My veterinarian says my dog has mild anemia – now what?

    As a house call veterinarian, I treat a lot of senior pets, so therefore I run a lot of senior bloodwork. Every so often the blood results on a seemingly healthy older dog comes back with one abnormality – anemia. What is it, and how worried are we? Like everything else in medicine…it depends on severity and context. This article focuses on the mild anemia I see relatively often in older dogs that seem otherwise healthy. This does NOT discuss the big bad anemias like the auto-immune type.

    Let’s go back to high school biology. Our bodies (people, dogs, cats, horses, you name it) need a certain number of red blood cells floating around in our blood. Red blood cells are what make our blood look, well, red. They are important for carrying oxygen and delivering it to every organ and tissue throughout the body. No red blood cells would mean no oxygen delivery, and important organs like brain, heart, kidney would shut down.

    So what is anemia? That describes the condition of having fewer red blood cells than needed. There are a few ways to measure red blood cell count. The most common way is as a percentage of the total blood, called a hematocrit or Packed Cell Volume (PCV). For simplicity, I’ll generalize and say dogs typically have 40-50% of their blood as red blood cells (there is variation among breeds, so roll with me here). The rest is the fluid they float in, and some other types of cells. So we would call a dog anemic, or say it has anemia, if his red blood cell percentage was 33%. Or 10%.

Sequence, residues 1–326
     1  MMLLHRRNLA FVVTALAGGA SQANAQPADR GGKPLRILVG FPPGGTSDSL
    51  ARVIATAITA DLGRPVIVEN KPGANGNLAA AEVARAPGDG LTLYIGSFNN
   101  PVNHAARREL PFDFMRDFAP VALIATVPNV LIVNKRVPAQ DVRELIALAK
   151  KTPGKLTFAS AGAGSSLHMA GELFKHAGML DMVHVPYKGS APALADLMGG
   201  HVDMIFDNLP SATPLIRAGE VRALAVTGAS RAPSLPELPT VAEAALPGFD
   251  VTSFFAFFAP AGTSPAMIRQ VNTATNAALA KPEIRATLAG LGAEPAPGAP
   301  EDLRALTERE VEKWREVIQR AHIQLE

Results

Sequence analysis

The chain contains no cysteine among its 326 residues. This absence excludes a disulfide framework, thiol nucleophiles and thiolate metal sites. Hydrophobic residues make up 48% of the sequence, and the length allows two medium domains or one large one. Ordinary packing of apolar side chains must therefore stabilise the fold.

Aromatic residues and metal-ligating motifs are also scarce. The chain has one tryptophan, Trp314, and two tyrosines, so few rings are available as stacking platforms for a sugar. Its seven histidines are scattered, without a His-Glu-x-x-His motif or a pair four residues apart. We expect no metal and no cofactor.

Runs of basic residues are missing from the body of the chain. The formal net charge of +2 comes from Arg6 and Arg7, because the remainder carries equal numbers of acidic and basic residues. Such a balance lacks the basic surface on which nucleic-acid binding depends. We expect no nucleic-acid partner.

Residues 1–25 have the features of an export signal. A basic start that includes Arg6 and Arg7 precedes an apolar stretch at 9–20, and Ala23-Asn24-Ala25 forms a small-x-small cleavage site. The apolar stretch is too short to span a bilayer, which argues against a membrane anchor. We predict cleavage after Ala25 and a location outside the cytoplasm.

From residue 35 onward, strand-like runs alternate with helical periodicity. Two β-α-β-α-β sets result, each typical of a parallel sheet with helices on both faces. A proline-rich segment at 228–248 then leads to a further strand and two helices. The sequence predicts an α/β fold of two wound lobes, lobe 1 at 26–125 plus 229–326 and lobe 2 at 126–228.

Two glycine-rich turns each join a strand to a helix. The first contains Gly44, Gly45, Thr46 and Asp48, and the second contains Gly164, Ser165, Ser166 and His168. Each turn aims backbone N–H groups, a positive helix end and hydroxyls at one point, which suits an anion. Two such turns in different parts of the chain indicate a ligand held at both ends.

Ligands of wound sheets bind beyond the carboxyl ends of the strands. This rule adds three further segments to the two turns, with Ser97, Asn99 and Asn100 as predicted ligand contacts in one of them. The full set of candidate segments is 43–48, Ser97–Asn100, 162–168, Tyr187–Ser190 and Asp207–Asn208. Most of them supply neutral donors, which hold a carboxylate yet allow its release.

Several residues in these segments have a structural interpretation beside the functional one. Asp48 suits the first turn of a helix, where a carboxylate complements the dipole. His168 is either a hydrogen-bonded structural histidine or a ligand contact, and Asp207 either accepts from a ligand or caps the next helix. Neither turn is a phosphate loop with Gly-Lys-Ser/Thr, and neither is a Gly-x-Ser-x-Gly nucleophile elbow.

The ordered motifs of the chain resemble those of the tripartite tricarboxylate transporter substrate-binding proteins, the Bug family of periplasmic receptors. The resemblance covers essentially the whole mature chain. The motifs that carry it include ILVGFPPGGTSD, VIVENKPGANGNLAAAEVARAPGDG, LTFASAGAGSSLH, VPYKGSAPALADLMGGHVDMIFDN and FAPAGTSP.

Here’s where the difference becomes critical. Dogs who are a little anemic, with red blood cells at 33%, will feel good, act normal, and do OK. Dogs with only 10% red blood cells are dying and need immediate attention. So not all anemias are created equal!

    When I do a senior blood test on a healthy older dog and discover a relative mild anemia of say, 33%, what next? This is the frustrating part. These mild anemias are like the “check engine” light on your car. It tells you something is wrong. It could be very minor and a non-issue, or it could be the beginning of a major problem. And we have no way of knowing which one just by the anemia.

    Dogs (and cats) can develop a syndrome called “anemia of chronic disease.” That means one of many chronic diseases can cause a mild anemia. Not helpful when you’re trying to figure out what to do next. Cancer anywhere in the body may (or may not!) cause a mild anemia. Chronic liver disease, kidney disease, name-any-organ-disease can cause anemia. Diseases carried by ticks can as well. Severe dental disease can (like the dog needs every tooth extracted that hasn’t already fallen out). One chronic disease that does NOT cause anemia is arthritis. Go figure.

    So we have this (apparently) healthy dog whose bloodwork is otherwise perfect and we have a little anemia. What now? If the dog is feeling and acting 100% normal and has not lost any weight, I remain calm and recheck the blood in a month. Sometimes it self resolves (no explanation but I’ll take it). Sometimes it gets worse and we know we’ve caught something early….just not sure what it is we caught. Or if it stays the same, very mild, we’re in this in-between “what next” stage.